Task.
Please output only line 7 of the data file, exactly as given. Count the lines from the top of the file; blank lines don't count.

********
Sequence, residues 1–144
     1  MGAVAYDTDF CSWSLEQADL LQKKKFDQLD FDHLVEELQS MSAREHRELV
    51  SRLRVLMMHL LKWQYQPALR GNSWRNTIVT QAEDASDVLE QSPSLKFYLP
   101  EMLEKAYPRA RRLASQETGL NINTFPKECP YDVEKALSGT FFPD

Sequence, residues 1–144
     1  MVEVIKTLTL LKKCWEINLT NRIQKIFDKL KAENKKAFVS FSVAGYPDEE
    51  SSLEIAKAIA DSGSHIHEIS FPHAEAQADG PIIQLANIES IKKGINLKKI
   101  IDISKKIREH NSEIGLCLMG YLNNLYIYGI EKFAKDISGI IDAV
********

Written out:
    51  SSLEIAKAIA DSGSHIHEIS FPHAEAQADG PIIQLANIES IKKGINLKKI